Youth and Employment in Southwestern Oregon

by Annette Shelton-Tiderman

December 6, 2018

Workers under the age of 25 hold fewer jobs in Southwestern Oregon today than back in 1992. The last quarter of a century has seen many economic challenges and shocks in the counties of Southwestern Oregon. The early 1990s issued in a short recession, which repeated in 2001. Although employment levels rebounded, the crushing blows of the 2007-2009 Great Recession rained down across the landscape. The tides of the business cycle have not flowed evenly across the region’s workforce.

In 1992, older workers accounted for about 13 percent of the region’s workforce. By 2017, their share of the workforce had increased to nearly 28 percent. The mid-range, those ages 35 to 54, saw a decline from 50 percent in 1992 to not quite 42 percent by 2017. The presence of younger adults ages 22 to 34, also declined (23.1% to 19.4%), as did the share of workers ages 19 to 24 (10.4% to 9.5%). During these twenty-five years, youth ages 14 to 18 saw a notable drop in workforce presence (3.5% to 1.9%). 

As the overall population has gotten older, so has the workforce. However, population shifts alone do not appear adequate to account for the changes in the workforce. Given that nearly 28 percent of the region’s workforce is within 10 years of age 65, the typical retirement age (and over 7% are already aged 65 and above), the shrinking presence of younger workers highlights the question: “As the more mature workers age out of the workforce, who will be available to fill their shoes?”

Focusing on the Fluctuating Numbers of the Emerging Workforce

Although the decline of youth in the workforce can be attributed, in part, to increased pressures from school-related commitments and limited work opportunities, it is worth noting that in 1992, youth ages 14 to 18 made up 6.9 percent of the population and 3.5 percent of the workforce. By 2017, they accounted for 5.3 percent of the population and only 1.9 percent of the workforce. The workforce’s youthful component grew steadily from 1,896 (1992) to its peak in 2006 (2,024). First to feel the effects of the Great Recession’s onset, those aged 14 to 18 decreased until just 913 remained in the region’s workforce in 2012. During the last five years, the numbers have increased, reaching 1,237 in 2017. This is still nearly 800 fewer workers than pre-recession.

Those ages 19 to 21 have also seen a reduction in population share. They made up 2.9 percent of the population in 1992; 3.2 percent in 2001 through 2005; and declined to 2.5 percent in 2017. As the population footprint has shrunk among these post high school-aged individuals, their workforce presence has also shifted. In 1992, workers ages 19 to 21 accounted for 5 percent of the region’s workforce; this peaked in 2002 through 2004 at 5.3 percent and has continued to decline to 4.4 percent in 2017. These percentages reflect the shift from 2,698 workers in 1992 to 3,393 at the pre-recession peak for this age cohort. By the end of cascading recessionary shocks, this post high school-aged group numbered 2,436 in 2012. Although their numbers have climbed to 2,810 in 2017, this group is still nearly 585 workers below peak levels.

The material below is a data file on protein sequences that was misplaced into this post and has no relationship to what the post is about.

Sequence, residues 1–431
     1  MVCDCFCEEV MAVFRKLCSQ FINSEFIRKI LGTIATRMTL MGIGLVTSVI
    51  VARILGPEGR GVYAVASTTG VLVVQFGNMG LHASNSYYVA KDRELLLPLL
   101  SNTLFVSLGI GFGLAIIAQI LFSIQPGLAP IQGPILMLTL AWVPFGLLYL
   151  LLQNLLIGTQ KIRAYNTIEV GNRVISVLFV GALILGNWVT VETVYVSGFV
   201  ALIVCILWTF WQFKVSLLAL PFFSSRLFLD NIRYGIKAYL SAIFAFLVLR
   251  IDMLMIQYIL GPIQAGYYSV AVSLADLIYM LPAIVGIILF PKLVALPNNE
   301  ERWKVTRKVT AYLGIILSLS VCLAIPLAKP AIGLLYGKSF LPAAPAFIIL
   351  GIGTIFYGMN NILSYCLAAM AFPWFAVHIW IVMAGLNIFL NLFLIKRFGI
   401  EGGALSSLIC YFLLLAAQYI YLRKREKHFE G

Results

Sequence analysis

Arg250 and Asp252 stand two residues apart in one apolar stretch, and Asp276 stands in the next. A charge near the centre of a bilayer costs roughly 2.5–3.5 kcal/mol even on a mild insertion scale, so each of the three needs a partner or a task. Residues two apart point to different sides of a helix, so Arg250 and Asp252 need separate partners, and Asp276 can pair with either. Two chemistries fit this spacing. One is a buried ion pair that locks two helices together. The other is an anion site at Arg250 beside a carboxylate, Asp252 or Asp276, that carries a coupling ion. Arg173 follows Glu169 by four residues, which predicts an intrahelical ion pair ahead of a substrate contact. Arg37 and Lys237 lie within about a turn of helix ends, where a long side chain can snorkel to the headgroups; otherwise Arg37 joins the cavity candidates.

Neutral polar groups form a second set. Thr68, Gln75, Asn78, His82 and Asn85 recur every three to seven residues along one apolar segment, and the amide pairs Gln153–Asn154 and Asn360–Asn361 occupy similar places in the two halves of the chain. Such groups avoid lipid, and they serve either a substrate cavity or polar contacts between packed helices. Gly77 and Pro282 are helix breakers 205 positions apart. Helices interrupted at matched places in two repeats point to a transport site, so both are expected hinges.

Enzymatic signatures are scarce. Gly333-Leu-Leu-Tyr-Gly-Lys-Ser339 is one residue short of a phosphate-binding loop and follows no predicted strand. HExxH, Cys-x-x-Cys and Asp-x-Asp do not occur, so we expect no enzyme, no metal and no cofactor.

The group of workers ages 22 to 24 is often seen as the leading edge of those assuming family responsibilities and community obligations. Their footprint in the region’s workforce grew from 5.3 percent (1992; 2,845 workers) to its most expansive at 5.5 percent (2005; 3,591 workers). After dropping to 2,663 in 2011, today, those aged 22 to 24 account for 5.0 percent of the workforce and number 3,194. In spite of the recovery, there are still roughly 400 fewer people ages 21 to 24 in the workforce than pre-recession.

Youth Find Employment Opportunities in Accommodation and Food Services

So, where are the employment opportunities for the region’s youth? Which industries provide the needed avenues for entry into the job market? Outside of the education and health services sector with its diverse and often well-educated and highly skilled workforce, the region’s leading sectors are the multi-faceted trade, transportation, and utilities; and leisure and hospitality arenas. These two major industry sectors are not only the largest in terms of the number of jobs, they also offer younger workers the most employment opportunities.

Accommodation and food services, accounting for 92 percent of the region’s leisure and hospitality sector, provides the most jobs for youth. Overall, those ages 14 to 24 have seen a diminishing share of jobs in the accommodation and food services industry while those aged 55 and older have increased their footprint. Employment typically peaks during the mid-to-late summer months, which would correspond to demands associated with the SW Oregon tourist season.